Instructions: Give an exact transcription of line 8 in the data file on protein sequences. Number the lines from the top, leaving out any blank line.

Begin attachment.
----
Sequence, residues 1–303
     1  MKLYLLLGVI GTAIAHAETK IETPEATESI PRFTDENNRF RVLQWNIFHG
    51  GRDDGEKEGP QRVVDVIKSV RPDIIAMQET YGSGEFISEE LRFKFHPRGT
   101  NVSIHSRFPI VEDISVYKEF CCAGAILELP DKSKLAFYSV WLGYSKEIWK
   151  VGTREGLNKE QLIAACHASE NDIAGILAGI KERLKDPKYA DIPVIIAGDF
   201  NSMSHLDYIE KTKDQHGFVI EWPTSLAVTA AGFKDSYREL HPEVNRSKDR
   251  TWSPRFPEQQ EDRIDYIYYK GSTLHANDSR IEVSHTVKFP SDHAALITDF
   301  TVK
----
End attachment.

   301  TVK